By | McKenzie Jones
The power of investing is that you turn your dollars into your employee. By putting money into funds that have shown historic growth, you can usually expect future growth. However, it can be easy to over-manage your investments or to miss out on opportunities for slow growth.
Minimize Fees per Transaction
Investing in the markets is a game of base hits. There are few home runs in the stock market. One quick way to strike out is to pay too much in fees.
When you buy and sell stocks and bonds, there will always be someone who gets a bit of your money that you will never see again. These fees are necessary, but if you get in the habit of buying and holding instead of buying and selling, you reduce the fees you have to pay. You also allow your investments to grow slowly.
Buy Into Bigger Investment Pools
Cheap stocks tend to be more volatile. Volatility means that the value of the stock you bought bounces around a lot. Trying to buy low and sell high when you can only afford volatile stocks is usually an exercise in frustration.
When setting up your investment account, look for a brokerage that offers fractional shares. Fractional shares are slices of bigger stocks that tend to be more stable. Additionally, do your best to buy index funds, which offer you the chance to earn gains when a whole exchange, such as the Dow Jones, or the S&P 500 goes up over time.
If you have real estate and are considering selling in this market, you can reduce your tax burden by setting up a 1031 exchange. Consider the Delaware statutory trust pros and cons, which may include your investment time window and your need for financial flexibility.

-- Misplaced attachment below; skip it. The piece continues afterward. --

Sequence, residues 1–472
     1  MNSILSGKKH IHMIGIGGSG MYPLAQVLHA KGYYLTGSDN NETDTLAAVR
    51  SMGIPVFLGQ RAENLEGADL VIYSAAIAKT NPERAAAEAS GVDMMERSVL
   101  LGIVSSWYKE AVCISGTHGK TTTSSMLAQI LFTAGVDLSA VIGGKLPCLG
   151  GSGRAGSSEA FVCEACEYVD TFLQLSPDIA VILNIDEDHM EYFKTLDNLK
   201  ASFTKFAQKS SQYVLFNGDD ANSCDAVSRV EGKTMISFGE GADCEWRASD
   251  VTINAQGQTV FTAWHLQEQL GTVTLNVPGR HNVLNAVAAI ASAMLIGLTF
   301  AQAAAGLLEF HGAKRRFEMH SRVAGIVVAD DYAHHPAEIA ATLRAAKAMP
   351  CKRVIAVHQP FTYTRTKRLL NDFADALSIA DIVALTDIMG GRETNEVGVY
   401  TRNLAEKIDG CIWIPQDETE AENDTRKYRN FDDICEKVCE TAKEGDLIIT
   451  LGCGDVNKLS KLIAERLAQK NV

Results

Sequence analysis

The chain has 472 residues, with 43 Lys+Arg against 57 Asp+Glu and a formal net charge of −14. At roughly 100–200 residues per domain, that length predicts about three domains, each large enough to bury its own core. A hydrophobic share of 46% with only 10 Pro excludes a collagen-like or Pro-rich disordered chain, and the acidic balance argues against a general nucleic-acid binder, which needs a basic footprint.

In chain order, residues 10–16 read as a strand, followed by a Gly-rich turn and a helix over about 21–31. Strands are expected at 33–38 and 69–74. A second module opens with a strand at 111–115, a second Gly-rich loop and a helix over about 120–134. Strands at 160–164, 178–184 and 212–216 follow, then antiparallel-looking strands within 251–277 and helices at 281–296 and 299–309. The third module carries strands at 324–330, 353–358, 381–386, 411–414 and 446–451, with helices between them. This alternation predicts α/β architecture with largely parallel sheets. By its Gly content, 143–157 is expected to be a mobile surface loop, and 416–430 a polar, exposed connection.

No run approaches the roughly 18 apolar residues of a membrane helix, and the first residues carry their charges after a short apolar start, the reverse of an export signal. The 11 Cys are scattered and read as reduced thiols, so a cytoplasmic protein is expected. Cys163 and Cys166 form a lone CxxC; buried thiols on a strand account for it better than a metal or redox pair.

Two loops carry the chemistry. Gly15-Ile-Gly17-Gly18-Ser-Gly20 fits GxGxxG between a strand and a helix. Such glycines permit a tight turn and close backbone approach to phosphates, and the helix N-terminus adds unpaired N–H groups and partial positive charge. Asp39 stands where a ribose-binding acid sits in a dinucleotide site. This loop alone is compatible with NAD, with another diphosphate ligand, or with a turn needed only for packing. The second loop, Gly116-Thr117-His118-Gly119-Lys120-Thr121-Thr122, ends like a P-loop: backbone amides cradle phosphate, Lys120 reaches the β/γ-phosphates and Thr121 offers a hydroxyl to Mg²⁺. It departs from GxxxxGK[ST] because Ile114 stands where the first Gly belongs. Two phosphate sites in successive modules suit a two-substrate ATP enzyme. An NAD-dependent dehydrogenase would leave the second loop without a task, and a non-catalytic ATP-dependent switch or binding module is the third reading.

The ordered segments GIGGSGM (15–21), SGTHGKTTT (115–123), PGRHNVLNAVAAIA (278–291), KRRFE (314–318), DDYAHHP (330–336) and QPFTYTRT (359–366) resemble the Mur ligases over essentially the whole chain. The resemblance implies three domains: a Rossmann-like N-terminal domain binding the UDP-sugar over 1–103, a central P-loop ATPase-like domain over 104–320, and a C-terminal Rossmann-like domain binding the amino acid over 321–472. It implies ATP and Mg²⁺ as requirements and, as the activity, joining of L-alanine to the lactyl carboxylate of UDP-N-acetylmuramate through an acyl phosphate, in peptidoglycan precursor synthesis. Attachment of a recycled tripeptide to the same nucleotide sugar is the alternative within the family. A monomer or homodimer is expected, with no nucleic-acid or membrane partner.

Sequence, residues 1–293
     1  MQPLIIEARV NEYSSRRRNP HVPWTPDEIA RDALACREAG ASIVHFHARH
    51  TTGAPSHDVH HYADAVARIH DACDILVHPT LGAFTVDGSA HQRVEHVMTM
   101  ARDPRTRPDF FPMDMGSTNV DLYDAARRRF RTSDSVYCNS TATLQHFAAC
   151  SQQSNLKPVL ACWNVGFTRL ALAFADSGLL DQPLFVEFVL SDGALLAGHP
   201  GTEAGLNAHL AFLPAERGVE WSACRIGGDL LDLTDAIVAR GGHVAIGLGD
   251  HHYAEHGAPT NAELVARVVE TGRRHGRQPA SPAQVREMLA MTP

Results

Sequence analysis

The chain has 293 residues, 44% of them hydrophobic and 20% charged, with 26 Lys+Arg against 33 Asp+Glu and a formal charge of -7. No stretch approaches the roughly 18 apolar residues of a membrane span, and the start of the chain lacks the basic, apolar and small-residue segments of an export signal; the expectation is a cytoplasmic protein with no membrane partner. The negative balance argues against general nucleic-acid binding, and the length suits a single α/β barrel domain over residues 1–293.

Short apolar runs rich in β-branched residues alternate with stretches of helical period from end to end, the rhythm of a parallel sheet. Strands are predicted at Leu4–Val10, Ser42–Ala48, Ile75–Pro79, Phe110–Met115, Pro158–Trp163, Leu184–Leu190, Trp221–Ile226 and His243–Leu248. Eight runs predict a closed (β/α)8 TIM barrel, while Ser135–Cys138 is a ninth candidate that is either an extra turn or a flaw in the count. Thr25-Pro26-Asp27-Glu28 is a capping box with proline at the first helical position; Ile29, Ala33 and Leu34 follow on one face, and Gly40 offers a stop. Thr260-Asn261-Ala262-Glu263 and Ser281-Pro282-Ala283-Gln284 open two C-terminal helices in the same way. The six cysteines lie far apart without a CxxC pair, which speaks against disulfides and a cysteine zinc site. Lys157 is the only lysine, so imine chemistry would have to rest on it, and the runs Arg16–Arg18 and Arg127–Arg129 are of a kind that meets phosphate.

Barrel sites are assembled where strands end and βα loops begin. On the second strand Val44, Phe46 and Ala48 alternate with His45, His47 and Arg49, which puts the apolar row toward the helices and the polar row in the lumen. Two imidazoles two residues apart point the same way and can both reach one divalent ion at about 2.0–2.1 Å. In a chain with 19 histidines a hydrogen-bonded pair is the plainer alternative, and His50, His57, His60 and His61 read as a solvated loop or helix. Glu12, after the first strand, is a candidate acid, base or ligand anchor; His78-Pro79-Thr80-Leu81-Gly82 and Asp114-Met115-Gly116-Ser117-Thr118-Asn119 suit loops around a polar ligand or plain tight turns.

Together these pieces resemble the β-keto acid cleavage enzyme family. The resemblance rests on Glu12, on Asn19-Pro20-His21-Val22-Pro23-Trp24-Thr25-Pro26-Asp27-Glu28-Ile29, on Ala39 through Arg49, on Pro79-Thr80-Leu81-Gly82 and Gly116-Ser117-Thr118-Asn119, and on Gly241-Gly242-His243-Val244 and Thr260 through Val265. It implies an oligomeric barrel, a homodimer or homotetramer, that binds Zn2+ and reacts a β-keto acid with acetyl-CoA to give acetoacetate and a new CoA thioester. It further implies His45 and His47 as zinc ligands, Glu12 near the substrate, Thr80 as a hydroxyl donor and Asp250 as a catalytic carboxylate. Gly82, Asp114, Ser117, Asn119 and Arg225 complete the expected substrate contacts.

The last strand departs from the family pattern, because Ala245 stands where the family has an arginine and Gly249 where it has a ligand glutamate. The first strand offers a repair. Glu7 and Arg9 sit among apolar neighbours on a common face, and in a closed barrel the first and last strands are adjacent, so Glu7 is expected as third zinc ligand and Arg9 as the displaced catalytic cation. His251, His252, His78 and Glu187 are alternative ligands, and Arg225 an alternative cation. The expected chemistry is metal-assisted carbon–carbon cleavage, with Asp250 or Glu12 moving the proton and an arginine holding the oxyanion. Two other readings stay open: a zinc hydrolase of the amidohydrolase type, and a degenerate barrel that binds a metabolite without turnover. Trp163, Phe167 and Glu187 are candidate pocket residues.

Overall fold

Celebrate Free Money
If you have a job that offers a 401(k), sign up as soon as you are allowed and strive to contribute at least 7%. If you can go higher, make sure you contribute enough to get the full match from your employer. You might also consider a traditional IRA, which will offer you a tax break now.
With a 401(k) made up of your money and deposits from your employer, you have some flexibility. You can
- put your contributions into index funds
- use your employer match to buy individual stocks or look at riskier options
- borrow against your retirement for a qualified expense
Be aware that your retirement tax shelters cannot be accessed directly until you are 59 and a half. Make sure you have readily accessible savings for emergencies.
Reduce Tax Hit Over Time
You can also consider a Roth IRA. While the traditional IRA gives you a deduction in your highest-earning years, the Roth is funded from post-tax dollars, but your withdrawals are tax-free. You can also set up these IRAs on behalf of a non-earning spouse if you meet qualifications.
Discuss these options with a financial planner. Depending on your current source of income and your expected income in retirement, a Roth IRA can be a terrific vehicle. If you expect to make less in retirement, a traditional IRA may be best for you and your family.
Do Not Panic
A contraction of the markets is not a collapse. As you set up your investment accounts, consider pulling some money back to cash accounts. While these make little money, they do offer security. In the event of a contraction, be ready to pull out of this cash account and buy more stock as it goes on sale. If you bail out after the market drops, you will never regain those losses. If you buy in after a contraction, you may see your money expand rapidly.
After a market contraction, consider avoiding stocks that suffer when consumer confidence drops. Everyone will still need laundry soap and groceries during a recession, but they generally do not spend much on travel or high-end home goods.
The act of investing in the stock market is always a risk. Check out the history of index funds, as well as stock pools, to get a decent idea of future returns. Avoid extremely volatile investments unless you have time to recoup those dollars.